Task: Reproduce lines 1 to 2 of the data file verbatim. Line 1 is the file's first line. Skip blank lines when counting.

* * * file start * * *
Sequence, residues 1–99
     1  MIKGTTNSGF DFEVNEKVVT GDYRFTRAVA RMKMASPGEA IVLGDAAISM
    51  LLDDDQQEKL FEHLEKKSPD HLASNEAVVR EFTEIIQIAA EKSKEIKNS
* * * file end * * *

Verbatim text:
Sequence, residues 1–99
     1  MIKGTTNSGF DFEVNEKVVT GDYRFTRAVA RMKMASPGEA IVLGDAAISM